But Tencent’s most influential product is WeChat, the messenger that launched in 2011. Two years later, Tencent added mobile payments by integrating it with TenPay. In less than five years, WeChat became a vital part of daily life for hundreds of millions of users in China. WeChat Pay and Alibaba’s Alipay, its main competitor, have revolutionized payments in China, where about one-third of consumer payments are now cashless, according to research by think tank CGAP.

BEIJING, CHINA - SEPTEMBER 19: A Chinese customer uses his mobile to pay via a QR code with the WeChat app at a local market on September 19, 2020 in Beijing, China. (Photo by Kevin Frayer/Getty Images)

BEIJING, CHINA – SEPTEMBER 19: A Chinese customer uses his mobile to pay via a QR code with the WeChat app at a local market on September 19, 2020 in Beijing, China. (Photo by Kevin Frayer/Getty Images)

In 2017, Wechat launched “mini-programs,” that allows developers to create “apps within an app” that run on WeChat. The program took off quickly, and within less than two years, Tencent said it had reached one million mini-programs and 200 million daily users. Even Google quietly launched its own mini-program in 2018.

Despite its ubiquity in China, WeChat’s international presence is relatively small, especially when compared to other messengers like WhatsApp. WeChat claims more than one billion monthly active users in total, but only an estimated 100 million to 200 million are international users. Many are members of the Chinese diaspora who use it to keep in touch with family and associates in mainland China since many other popular messengers, including WhatsApp, Facebook Messenger and Line, are blocked there.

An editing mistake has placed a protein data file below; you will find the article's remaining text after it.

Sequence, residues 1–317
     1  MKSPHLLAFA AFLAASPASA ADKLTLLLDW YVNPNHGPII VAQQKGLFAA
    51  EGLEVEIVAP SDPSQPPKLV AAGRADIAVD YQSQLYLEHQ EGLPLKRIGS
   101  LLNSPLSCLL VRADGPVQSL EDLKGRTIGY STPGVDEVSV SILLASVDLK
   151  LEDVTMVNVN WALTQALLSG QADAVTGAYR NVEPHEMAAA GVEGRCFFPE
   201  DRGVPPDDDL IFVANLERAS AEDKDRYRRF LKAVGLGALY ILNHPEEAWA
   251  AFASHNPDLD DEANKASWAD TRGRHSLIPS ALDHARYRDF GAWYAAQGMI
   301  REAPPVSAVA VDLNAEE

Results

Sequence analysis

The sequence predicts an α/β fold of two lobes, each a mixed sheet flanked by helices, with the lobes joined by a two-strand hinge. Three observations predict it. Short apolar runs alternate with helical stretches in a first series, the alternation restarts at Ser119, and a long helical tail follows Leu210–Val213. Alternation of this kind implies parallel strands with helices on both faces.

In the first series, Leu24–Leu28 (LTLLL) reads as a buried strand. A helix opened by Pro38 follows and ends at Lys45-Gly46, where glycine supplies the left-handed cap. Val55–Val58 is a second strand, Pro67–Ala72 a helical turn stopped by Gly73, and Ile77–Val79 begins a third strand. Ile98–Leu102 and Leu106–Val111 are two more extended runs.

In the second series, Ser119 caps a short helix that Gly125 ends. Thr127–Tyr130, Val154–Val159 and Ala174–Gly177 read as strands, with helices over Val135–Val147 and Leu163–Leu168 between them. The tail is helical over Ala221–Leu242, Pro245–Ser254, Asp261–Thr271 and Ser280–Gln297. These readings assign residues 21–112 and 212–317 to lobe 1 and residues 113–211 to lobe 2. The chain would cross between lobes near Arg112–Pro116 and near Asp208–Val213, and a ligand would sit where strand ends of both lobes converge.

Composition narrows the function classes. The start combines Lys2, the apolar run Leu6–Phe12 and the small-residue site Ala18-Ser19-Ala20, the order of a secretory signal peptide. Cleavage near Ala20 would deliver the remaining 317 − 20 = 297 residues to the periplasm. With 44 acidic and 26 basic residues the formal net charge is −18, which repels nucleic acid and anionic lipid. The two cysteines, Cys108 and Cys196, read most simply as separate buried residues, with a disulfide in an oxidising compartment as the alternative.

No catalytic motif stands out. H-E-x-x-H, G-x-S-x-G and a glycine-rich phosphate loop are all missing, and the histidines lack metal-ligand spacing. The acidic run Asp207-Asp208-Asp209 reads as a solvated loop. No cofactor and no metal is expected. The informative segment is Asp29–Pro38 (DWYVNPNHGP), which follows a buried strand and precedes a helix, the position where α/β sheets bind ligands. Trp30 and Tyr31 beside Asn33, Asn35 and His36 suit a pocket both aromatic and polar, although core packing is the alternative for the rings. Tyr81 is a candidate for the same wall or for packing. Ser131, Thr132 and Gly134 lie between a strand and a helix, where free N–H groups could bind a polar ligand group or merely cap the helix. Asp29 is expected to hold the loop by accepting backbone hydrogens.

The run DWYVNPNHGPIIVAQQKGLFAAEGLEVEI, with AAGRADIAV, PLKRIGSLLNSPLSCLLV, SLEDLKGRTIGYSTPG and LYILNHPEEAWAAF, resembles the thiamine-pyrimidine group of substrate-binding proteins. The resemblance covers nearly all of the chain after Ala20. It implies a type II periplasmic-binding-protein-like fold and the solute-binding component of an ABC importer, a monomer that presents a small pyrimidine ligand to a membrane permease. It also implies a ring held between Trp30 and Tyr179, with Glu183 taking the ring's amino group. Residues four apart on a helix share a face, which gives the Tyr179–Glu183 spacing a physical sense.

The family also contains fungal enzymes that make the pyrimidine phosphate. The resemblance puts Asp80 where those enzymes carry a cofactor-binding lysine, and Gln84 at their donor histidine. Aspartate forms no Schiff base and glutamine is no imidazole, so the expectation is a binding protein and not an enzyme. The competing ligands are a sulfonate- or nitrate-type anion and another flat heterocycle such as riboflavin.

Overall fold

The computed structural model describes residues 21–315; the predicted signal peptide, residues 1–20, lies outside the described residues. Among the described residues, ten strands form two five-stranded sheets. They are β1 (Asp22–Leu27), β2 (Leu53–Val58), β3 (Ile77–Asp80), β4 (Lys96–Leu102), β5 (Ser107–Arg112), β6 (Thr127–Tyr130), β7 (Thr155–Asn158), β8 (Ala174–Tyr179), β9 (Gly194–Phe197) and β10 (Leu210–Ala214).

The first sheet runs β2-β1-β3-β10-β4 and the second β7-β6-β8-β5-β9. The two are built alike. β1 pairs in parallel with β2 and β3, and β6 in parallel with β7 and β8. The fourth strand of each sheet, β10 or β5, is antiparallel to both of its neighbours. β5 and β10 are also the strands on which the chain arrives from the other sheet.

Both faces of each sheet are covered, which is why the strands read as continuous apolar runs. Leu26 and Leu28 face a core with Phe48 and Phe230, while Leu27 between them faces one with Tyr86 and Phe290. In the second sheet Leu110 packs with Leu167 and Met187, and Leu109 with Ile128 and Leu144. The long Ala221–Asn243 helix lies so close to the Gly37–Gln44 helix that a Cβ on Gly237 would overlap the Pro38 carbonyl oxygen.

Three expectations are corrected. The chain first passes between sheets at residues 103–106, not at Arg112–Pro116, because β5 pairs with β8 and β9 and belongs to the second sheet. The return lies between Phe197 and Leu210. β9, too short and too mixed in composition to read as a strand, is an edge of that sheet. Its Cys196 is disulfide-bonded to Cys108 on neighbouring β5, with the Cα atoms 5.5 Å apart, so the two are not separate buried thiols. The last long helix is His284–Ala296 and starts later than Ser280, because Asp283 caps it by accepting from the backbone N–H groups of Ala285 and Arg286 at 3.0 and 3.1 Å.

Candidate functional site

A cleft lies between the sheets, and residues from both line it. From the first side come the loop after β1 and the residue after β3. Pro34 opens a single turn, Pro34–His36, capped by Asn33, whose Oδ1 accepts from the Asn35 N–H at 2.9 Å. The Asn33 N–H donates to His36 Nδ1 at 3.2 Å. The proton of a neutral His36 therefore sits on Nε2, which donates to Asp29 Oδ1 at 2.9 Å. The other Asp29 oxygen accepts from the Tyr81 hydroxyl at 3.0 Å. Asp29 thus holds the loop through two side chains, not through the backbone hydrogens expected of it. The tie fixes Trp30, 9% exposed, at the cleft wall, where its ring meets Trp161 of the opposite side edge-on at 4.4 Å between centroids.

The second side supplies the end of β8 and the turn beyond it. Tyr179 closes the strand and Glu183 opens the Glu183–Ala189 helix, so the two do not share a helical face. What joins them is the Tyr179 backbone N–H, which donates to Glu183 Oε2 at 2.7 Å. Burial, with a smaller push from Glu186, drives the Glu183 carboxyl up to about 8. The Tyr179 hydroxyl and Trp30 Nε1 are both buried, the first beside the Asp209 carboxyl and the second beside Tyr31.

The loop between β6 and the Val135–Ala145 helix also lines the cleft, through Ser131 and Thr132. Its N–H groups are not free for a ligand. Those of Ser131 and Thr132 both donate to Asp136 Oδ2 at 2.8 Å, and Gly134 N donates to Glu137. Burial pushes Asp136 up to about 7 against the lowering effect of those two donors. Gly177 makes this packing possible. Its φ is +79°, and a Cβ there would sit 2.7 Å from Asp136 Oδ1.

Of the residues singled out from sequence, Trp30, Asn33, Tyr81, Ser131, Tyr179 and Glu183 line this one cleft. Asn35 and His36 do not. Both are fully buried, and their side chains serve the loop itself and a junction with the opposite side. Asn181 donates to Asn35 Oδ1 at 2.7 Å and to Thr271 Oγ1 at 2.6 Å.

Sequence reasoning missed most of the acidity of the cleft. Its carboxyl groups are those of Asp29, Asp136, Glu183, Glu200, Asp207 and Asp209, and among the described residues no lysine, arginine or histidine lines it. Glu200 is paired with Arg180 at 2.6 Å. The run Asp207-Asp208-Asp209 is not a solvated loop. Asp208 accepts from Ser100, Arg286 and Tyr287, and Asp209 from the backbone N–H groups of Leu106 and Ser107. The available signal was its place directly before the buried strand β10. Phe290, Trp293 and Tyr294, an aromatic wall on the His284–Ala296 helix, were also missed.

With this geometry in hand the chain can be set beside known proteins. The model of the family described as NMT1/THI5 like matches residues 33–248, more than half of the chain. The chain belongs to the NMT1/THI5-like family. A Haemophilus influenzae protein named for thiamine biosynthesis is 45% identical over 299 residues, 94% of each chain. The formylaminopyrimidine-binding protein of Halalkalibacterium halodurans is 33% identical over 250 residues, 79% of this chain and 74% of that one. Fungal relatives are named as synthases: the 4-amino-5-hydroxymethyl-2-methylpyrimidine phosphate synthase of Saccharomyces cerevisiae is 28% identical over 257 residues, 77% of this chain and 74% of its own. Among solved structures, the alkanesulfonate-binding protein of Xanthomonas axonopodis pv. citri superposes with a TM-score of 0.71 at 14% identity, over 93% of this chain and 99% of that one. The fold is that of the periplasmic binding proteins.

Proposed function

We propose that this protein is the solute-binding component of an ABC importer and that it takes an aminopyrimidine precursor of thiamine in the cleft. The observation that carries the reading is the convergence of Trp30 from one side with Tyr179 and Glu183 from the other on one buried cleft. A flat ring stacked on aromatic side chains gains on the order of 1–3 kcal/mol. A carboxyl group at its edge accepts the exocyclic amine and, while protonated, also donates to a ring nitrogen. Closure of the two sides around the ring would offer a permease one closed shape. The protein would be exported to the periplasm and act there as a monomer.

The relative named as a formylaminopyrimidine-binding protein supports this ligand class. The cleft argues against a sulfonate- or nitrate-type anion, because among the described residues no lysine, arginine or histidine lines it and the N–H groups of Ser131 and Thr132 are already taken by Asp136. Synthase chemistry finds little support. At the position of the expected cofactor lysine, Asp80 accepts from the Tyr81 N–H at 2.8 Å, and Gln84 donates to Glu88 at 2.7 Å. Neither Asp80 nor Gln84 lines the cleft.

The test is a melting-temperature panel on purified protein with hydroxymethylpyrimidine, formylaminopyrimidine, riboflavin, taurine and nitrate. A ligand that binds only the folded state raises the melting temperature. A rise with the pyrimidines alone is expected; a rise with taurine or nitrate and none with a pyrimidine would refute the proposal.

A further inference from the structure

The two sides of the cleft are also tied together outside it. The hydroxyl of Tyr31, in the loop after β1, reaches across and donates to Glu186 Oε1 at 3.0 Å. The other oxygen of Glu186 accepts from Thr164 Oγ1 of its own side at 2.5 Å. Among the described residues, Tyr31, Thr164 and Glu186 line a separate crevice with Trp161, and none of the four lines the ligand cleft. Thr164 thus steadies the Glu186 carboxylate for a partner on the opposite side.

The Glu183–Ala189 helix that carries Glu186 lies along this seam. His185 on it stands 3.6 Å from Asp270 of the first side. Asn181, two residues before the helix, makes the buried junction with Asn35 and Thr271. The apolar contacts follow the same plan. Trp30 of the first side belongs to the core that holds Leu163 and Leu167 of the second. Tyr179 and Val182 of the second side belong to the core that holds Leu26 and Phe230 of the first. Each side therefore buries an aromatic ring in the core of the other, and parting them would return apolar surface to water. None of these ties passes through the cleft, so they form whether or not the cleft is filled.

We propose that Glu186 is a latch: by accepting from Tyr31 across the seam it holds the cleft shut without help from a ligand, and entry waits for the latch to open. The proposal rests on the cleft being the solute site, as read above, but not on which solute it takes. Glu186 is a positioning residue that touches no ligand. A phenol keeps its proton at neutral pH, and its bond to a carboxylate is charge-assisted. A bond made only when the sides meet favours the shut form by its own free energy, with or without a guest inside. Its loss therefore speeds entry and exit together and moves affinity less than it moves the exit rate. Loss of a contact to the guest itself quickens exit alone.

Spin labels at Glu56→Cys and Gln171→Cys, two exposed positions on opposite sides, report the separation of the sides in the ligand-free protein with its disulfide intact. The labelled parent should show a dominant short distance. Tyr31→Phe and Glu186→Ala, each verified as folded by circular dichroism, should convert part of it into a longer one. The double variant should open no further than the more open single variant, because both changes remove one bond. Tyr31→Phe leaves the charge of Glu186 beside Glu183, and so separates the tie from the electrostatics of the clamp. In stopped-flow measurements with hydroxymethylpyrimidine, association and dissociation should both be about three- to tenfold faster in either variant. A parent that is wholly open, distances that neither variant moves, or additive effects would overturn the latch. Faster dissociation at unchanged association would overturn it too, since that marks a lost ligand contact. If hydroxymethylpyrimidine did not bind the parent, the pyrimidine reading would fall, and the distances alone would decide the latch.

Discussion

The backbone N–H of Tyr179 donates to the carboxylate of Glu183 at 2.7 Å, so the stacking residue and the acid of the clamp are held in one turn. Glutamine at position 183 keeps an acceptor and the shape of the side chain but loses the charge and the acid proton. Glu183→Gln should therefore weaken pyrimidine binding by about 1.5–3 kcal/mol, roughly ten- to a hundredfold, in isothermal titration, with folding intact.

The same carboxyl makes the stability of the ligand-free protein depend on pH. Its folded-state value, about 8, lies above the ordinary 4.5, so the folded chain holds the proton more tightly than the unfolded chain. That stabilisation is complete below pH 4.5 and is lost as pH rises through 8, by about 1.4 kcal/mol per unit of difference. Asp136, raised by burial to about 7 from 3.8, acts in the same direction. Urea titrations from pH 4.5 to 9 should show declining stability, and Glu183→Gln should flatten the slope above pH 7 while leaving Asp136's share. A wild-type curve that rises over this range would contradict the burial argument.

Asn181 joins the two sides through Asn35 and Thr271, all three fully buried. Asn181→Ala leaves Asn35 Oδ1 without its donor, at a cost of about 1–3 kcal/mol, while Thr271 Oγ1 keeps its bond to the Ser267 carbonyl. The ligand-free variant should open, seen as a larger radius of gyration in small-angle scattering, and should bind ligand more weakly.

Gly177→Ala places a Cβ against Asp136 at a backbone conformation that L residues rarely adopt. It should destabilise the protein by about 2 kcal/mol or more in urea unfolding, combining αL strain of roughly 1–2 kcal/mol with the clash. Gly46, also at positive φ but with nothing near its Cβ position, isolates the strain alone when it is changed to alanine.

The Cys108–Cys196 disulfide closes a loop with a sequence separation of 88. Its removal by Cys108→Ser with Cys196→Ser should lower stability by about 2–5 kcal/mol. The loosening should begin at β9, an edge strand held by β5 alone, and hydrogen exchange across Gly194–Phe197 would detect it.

In the meantime, another company was gaining ascendancy, and would eventually succeed where Tencent hadn’t.

Founded in 2012 by Microsoft veteran Zhang Yiming, ByteDance had its own early run-ins with the Chinese government. The first app it launched, a social media platform called Neihan Duanzi that reached 200 million users by 2017, was shut down the next year after the National Radio and Television Administration accused it of hosting inappropriate content. Despite that early setback, ByteDance continued to grow, releasing apps like Toutiao, one of China’s top news aggregators.

But the product it is best known for launched in 2016. Called Douyin in China, ByteDance always planned to expand the short video-sharing app overseas. In an interview with Chinese tech news site 36Kr, Zhang said, “China is home to only one-fifth of the world’s internet users. If we don’t expand globally, we are bound to lose to our peers eyeing the rest of the world” — both echoing and contravening the viewpoint of U.S. internet companies that had seen China as a crucial market.